In coverage of the Andrew McCabe investigation, there seems to be a lot of adding two plus two and coming up with five.
The New York Times and Washington Post have reported that a grand jury met on Thursday in connection with a probe involving McCabe, the FBI’s former deputy director. As I write this column on Friday evening, no indictment has been returned against McCabe. From this, and what seems to be some hopeful speculation about “hints of the case’s weakness” that could possibly have caused grand jurors to “balk,” the Times and the Post suggest that maybe the grand jury has voted against an indictment.
This supposition has prompted a letter to the Justice Department from McCabe’s attorney, Michael Bromwich — a former colleague of mine who, besides being a skilled and shrewd attorney, is a Democrat and was last seen representing Christine Blasey Ford, Justice Brett Kavanaugh’s accuser. Bromwich says he is hearing “rumors from reporters” about the filing of a “no true bill” — i.e., a grand-jury vote rejecting a proposed indictment of McCabe.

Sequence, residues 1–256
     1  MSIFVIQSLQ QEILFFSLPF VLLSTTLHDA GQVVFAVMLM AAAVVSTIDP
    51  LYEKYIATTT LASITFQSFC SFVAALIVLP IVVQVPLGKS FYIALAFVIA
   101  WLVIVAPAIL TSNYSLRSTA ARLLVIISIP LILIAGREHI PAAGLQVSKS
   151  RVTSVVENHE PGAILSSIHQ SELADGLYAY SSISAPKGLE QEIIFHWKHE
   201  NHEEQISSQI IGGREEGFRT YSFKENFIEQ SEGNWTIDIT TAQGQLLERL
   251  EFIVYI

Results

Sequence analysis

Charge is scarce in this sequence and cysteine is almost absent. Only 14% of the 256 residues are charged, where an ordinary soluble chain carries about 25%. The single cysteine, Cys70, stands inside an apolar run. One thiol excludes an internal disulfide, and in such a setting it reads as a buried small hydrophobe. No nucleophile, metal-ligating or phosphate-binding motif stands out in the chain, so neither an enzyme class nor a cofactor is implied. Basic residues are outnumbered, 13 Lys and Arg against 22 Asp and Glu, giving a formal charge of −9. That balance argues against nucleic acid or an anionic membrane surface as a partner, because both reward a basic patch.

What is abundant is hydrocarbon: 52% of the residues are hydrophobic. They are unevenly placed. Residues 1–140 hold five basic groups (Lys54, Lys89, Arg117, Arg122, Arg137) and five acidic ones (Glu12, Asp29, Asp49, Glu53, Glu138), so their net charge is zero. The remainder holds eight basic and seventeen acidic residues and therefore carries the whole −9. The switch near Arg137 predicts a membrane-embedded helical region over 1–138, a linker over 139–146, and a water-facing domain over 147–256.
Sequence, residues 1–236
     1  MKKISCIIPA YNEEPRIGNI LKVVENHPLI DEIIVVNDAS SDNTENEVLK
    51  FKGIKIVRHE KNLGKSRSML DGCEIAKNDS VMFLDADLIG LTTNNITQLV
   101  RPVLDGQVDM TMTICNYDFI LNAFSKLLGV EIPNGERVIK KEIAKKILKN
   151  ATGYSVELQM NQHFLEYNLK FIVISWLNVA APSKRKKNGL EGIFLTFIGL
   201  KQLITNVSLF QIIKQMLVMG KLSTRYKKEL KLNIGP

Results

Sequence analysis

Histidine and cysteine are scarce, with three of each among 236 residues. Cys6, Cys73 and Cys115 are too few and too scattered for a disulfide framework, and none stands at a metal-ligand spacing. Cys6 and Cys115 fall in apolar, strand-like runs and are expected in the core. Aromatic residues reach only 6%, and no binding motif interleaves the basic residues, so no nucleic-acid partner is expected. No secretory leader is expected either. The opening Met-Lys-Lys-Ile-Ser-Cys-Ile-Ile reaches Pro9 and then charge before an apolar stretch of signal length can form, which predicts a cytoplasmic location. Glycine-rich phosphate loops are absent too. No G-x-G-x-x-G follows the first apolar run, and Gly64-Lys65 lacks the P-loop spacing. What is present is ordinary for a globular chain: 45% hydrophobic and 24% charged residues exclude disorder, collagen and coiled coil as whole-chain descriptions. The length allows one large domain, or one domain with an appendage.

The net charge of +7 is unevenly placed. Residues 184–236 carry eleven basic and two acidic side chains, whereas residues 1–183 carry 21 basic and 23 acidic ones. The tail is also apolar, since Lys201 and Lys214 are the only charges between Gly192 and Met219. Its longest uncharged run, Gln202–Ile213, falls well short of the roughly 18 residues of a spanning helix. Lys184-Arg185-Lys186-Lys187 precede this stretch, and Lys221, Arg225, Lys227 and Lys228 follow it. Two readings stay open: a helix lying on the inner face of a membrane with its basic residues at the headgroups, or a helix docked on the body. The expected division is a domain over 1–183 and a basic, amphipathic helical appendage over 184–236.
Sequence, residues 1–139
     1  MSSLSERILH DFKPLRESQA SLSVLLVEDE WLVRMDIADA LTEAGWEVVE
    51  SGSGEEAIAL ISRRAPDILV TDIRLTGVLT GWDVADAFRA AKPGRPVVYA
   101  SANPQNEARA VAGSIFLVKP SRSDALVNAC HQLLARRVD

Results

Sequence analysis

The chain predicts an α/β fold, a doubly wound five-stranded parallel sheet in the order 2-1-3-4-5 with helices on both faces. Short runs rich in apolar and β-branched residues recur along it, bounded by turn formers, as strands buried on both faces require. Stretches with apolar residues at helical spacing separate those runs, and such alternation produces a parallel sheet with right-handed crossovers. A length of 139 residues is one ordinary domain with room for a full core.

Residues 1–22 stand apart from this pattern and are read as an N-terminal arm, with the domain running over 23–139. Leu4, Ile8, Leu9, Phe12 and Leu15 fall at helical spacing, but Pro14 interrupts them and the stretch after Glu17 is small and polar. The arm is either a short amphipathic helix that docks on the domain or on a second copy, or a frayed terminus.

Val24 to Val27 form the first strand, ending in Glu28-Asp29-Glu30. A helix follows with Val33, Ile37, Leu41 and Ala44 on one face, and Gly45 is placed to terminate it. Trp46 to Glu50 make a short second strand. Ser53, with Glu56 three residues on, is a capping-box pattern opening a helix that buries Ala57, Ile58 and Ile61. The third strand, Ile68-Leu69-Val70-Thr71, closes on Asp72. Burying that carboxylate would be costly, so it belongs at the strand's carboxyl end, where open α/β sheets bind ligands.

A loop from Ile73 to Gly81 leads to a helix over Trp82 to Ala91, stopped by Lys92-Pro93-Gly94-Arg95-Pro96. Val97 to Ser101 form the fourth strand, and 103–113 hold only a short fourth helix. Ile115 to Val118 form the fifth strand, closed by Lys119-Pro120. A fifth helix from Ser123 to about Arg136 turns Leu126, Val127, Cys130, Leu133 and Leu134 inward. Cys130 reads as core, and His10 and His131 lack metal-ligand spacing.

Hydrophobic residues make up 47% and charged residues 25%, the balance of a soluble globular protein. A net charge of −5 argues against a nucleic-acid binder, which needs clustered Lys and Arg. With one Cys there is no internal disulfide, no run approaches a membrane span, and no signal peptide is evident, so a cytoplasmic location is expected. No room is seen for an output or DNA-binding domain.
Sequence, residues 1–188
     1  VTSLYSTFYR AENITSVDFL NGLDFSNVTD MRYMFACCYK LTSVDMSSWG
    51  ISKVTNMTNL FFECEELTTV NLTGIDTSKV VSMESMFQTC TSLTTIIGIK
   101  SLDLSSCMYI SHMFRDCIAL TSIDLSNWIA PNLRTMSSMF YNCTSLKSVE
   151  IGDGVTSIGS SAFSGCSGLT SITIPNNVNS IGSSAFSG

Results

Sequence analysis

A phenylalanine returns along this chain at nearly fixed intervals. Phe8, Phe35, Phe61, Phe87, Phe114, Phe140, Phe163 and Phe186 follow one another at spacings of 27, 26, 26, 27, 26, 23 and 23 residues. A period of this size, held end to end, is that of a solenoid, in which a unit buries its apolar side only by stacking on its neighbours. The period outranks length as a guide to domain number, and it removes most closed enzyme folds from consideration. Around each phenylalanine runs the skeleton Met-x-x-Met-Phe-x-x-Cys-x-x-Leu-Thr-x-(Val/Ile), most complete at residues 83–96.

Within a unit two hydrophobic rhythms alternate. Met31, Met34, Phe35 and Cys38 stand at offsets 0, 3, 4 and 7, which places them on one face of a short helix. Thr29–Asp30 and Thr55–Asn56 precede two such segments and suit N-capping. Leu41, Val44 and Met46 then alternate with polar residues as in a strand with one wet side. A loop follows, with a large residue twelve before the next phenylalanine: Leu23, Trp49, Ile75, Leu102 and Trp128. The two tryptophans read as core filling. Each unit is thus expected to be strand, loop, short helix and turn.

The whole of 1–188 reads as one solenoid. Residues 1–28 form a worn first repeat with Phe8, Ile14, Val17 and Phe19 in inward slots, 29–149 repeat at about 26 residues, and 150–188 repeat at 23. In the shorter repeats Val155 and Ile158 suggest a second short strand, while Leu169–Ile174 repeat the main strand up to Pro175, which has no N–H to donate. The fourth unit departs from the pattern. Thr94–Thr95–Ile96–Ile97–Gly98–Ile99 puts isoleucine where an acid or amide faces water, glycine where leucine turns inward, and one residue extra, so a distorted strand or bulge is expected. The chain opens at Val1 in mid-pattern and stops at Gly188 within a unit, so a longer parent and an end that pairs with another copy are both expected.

While conceding that he “do[es] not know the specific basis for the rumors,” Bromwich intuits that they must be reliable because the newspapers ran with the story. Mind you, neither the Times nor the Post claims to have been told by any grand jurors that they declined to indict McCabe; nor do they report hearing from any knowledgeable government official that a no true bill was voted. Nevertheless, McCabe’s legal team is demanding that the Justice Department disclose whether an indictment was declined and refrain from seeking an indictment in the future.
This gambit, of course, floats the narrative that the case against McCabe must be crumbling — the media reports spur the Bromwich letter, which spur more media reports, rinse and repeat. But even allowing for the erosion of standards, this is thin gruel for both news reporting and legal claims.